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Orders: Cryosolic

Soils of the Cryosolic order occur throughout northern Canada (CRYOSOL CANADA MAP) and are the dominant soil type throughout most of the territories (northern Yukon, Northwest Territories, and Nunavut). Cryosols are also common in the regions around the Hudson Bay and Hudson Strait, particularly in northeastern Manitoba, northwestern Ontario, and the northernmost part of Quebec (the Ungava peninsula in Nunavik). These regions are characterized by long, cold winters and short, cool summers. As a consequence, the mean annual soil temperature is at or below 0°C, resulting in permafrost conditions, where the ground remains frozen for two or more consecutive years. The frequent freeze-thaw cycles associated with these cold environments contribute not only to the presence of permafrost near the soil surface but also to a suite of soil-forming processes known as cryoturbation. Cryoturbation refers to soil movement that arises from frost action, and is sometimes also referred to as “frost churning”.

There are a few different commonly accepted models to explain how cryoturbation occurs; just a few examples are listed here. In the cryostatic model, a freezing front advancing from both above (cold air) and below (permafrost) can exert pressure on the soil of the active layer. In the convective cell equilibrium model, heave-subsidence processes occurring at both the top and bottom of the active layer move soil upward and outward. Both the formation and subsequent melting of ice lenses within the active layer can give rise to the characteristic broken or irregular soil horizons commonly associated with cryoturbation. Where changes in temperature and moisture contribute to cracking in the soil, ice and/or sand wedges can develop.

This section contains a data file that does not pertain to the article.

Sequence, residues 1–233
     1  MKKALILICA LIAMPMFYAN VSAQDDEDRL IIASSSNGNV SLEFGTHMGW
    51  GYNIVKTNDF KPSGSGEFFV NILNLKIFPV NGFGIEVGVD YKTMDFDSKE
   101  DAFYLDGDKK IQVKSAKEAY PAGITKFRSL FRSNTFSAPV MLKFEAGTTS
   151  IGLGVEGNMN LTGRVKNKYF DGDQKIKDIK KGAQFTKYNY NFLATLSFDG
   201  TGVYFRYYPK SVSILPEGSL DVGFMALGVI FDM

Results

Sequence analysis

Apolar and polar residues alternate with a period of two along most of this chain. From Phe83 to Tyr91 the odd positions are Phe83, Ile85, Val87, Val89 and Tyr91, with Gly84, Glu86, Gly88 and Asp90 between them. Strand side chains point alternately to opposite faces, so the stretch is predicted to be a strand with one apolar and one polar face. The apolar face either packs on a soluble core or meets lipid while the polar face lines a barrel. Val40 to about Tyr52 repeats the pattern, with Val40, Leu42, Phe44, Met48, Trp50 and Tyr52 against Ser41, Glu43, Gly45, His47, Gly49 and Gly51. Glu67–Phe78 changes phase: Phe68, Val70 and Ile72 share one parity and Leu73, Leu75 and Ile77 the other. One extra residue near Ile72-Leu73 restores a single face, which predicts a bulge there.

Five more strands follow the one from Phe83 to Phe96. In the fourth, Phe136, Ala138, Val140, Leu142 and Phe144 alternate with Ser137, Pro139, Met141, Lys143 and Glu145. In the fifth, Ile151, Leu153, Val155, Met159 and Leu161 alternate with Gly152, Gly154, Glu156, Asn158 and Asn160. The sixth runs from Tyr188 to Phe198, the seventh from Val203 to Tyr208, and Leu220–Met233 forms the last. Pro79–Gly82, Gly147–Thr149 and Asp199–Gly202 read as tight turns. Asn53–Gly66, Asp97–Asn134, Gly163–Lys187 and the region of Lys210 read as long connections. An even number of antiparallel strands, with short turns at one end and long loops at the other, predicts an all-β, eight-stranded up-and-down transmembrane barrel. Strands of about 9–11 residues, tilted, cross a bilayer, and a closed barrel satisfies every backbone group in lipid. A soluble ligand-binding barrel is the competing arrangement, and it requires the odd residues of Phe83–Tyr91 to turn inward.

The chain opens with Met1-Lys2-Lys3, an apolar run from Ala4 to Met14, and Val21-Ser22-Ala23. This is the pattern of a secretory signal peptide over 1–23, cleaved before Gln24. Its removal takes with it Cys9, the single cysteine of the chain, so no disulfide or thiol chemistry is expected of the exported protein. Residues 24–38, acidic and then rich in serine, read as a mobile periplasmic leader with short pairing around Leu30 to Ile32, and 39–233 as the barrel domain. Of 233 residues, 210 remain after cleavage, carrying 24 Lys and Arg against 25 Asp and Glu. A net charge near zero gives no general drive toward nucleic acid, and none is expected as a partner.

Generally, cryoturbation is most common in soils with finer textures (fine sand to silt) and wet conditions, but has been observed under other environmental conditions as well. The relative importance of a given cryoturbation mechanism or model in developing a particular Cryosolic profile will depend on the environmental conditions at that particular location.

Although many of the same soil-forming processes that occur in other orders also take place in Cryosols (for example, the reduction-oxidation processes associated with Gleysols or the build-up of organic material associated with the Organic order), the near-surface permafrost contributes to a particular suite of soil properties that include, but are not limited to, horizons that have been affected by cryoturbation. The diagnostic horizons associated with the Cryosolic order are represented by the suffixes ‘y’ (for horizons with evidence of cryoturbation) and ‘z’ (for frozen material, i.e., permafrost). These suffixes can be used alone with a major horizon (O, A, B, C) or together with another suffix to reflect a combination of soil-forming processes.

In those regions of Canada where the active layer is thicker (such as the discontinuous permafrost zone), Cryosols may be found in association with other soil orders. Soils of the Gleysolic and Organic orders may be found in wetter, low-lying areas of the landscape where the active layer is greater than 1 m thick. Similarly, Brunisolic and Regosolic soils may be found on well-drained knolls and slopes, particularly south-facing slopes. Relict Cryosols (i.e., soils with evidence of cryoturbation but that no longer meet the permafrost criteria for the Cryosolic order) can be found in some southern environments, such as the boreal forest, reflecting a historically colder soil-forming environment. These features are generally not well represented in the Canadian System of Soil Classification.

The information presented above reflects some of the extensive research done by cryopedologists such as Charles Tarnocai (Agriculture and Agri-Food Canada) and James Bockheim (University of Wisconsin).

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